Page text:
Flooring: tile on greenboard cementboard.

I don't think you can install too large a bathroom fan.
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Old 06-26-2010, 03:58 PM   #8
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................Cement board, cement board, cement board. You want something that will laugh at water. Cement board is the answer.

In case you missed it. Cement board..................
+1 IMHO greenboard is for optimists
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Old 06-26-2010, 04:08 PM   #9
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Before you even think of greenboard - google these terms (john bridge forum is a great resource for tile info):

john bridge forums greenboard

Here's the first hit:

Greenboard Shower info - Ceramic Tile Advice Forums - John Bridge Ceramic Tile

Bottom line, do you want to trust all your hard work to something that is water 'resistant', and count on a layer of paint/sealer to protect it, or do you want to use something that is not affected by water whatsoever?

Hoover Dam is made out of cement, not greenboard.

Greenboard on a floor?

I'm pretty sure you meant 1/4" cement backer board:

Tile Floors, Ceramic and Stone Tiles, How-to | Tile Your World

• Cement Backer Boards

Quote:
Cement backer boards, such as Wonder Board, Durock, Hardi-backer, and others are used to “uncouple” a tile installation from the subfloor below. Before they are fastened, CBUs, as they are called, are bedded in thin set mortar, which is the usual adhesive used in setting floor tiles. The panels are then nailed or screwed to the subfloor following manufacturers’ specific directions
FOR FLOORING (not walls):I used cement backer board, set in 'mud' and screwed down, when I did our 3 season room - 13" tiles in an area that will see occasional freezing temperatures. In the bathrooms, I skipped this step. I felt confident as the floor area was small and seemed well supported, the tiles were smaller, and none of the existing (poorly installed, 20 YO) tiles were cracked. So far so good.

Oh, and for shower heads, I installed the ones on a hose with a vertical bar so you can adjust the height to anything you want. Also great for washing misc things in the shower. Love it.

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Old 06-26-2010, 04:17 PM   #10
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If you are using tile in your new bath, look into using Urethane grout. It is a bit pricier but more stable and seems to resist discoloration better. Job is nearly 4 years old and looks same as day installed.
Here is a link with more Urethane Grout
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Old 06-26-2010, 05:18 PM   #11
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Not much to offer but when we built our house I asked for an acrylic tub, not fiberglass. I remember reading at the time that they were of better quality and that they were not as cold. I really like my large acrylic soaking tub. It's really a whirlpool tub without the whirlpool stuff (no jets or messy holes to clean).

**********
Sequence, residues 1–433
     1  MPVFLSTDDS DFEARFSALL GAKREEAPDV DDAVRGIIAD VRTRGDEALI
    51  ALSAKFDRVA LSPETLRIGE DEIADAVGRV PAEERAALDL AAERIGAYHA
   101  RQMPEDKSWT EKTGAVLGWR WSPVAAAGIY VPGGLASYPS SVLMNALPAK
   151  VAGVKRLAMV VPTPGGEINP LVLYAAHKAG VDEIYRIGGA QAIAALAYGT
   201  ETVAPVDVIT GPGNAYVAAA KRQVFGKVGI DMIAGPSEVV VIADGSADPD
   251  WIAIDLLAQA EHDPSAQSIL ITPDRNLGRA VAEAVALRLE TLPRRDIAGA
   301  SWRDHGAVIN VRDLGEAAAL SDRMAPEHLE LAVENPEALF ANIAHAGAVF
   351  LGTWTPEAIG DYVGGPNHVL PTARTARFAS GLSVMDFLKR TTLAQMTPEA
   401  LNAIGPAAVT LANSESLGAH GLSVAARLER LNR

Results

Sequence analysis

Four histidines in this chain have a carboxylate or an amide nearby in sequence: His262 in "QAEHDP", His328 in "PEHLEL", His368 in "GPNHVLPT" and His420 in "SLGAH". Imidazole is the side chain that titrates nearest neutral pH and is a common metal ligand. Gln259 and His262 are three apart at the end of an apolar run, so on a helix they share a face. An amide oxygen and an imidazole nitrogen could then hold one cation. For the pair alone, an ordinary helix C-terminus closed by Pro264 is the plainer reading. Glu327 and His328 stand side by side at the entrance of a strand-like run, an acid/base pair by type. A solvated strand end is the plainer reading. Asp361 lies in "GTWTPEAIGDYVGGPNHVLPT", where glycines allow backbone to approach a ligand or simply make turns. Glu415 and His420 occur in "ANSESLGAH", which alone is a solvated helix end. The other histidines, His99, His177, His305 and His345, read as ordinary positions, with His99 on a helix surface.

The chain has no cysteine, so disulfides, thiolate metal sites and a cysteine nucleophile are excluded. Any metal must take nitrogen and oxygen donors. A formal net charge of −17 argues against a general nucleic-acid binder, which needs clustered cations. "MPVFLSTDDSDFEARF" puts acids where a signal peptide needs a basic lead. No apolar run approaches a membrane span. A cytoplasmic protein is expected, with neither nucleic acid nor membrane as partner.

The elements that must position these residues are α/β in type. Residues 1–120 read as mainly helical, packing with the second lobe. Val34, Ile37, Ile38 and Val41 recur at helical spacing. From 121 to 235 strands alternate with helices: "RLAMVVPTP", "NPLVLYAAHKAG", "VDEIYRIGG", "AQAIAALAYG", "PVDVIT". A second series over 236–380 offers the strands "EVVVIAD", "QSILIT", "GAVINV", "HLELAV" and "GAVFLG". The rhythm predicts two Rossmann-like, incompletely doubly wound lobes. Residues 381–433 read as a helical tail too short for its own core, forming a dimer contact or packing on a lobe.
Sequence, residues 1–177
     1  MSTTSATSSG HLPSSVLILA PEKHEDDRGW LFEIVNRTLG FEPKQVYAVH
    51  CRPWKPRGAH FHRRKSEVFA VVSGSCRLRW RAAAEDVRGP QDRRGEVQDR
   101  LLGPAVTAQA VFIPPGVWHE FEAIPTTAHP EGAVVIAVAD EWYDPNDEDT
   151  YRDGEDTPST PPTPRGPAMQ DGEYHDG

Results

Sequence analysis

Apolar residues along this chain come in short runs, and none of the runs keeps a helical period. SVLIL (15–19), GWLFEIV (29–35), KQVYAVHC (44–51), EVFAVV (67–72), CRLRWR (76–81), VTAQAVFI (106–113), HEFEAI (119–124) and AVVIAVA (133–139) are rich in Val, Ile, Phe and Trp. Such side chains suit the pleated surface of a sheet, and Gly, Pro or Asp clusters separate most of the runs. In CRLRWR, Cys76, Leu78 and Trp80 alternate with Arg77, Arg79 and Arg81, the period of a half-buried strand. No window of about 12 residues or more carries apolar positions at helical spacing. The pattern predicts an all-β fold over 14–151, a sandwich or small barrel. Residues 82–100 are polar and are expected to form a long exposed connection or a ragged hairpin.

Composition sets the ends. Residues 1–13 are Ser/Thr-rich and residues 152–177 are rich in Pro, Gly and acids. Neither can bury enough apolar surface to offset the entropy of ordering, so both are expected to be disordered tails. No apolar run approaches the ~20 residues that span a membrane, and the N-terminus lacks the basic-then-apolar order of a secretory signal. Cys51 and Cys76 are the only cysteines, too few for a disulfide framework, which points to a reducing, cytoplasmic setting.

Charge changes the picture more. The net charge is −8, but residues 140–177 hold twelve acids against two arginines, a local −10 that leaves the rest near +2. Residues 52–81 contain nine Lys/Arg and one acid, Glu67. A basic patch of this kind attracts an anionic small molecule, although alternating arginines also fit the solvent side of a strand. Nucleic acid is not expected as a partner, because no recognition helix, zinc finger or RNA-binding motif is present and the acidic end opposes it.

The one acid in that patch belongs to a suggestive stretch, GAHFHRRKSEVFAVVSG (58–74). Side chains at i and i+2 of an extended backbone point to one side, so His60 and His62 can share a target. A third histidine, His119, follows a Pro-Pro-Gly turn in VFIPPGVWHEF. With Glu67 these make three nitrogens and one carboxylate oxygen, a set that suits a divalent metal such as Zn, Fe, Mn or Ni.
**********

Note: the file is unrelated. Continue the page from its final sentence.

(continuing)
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Old 06-26-2010, 06:24 PM   #12
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Thanks for the responses. This is a circa 1923 Twin with a 1970 bathroom that is being replaced. We have another full bath and two half bath in the house. We are not making any changes to the footprint of the room but are eliminating the tub in favor of an assessable shower. We plan to "age in place" so are using ADA guidelines in the design.

The plan is for greenboard. We are also going to tile the entire room up to the ceiling.

At the end of day one the guys have encountered some less that adequate plumbing (no cut off valves where they should have been) and are having one hell of a time knocking down the existing tile. Very thick mud over lath and plaster and some sort of metal webbing. I'm thinking that the 70's remodel was just an upgrade of fixtures and the tile floor and walls were left in place from an even earlier fix-up. They will be back bright and early Sunday for more fun.

Edited to add: Thanks for the link re the green board. Will switch to cement board for this job.
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Old 06-27-2010, 06:59 AM   #13
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Be careful when removing existing tile. Broken tile edges are very sharp.
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Old 06-27-2010, 09:51 AM   #14
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... are having one hell of a time knocking down the existing tile. Very thick mud over lath and plaster and some sort of metal webbing.

... Will switch to cement board for this job.
Good! Yes, that metal webbing and thick mud is the old-school way of doing a quality job. As you see, it has held up perfectly for 40 years, and would easily last another 40. The cement board is the more modern approach to that technique - by taping and mudding the joints, and then another layer of mud over it when you tile, you have something of similar quality/durability w/o requiring the same skill, experience and craftsmanship. Good stuff.

Ronstar is right - broken tiles can be razor sharp. I wore canvas palm gloves and safety goggles during most of that work.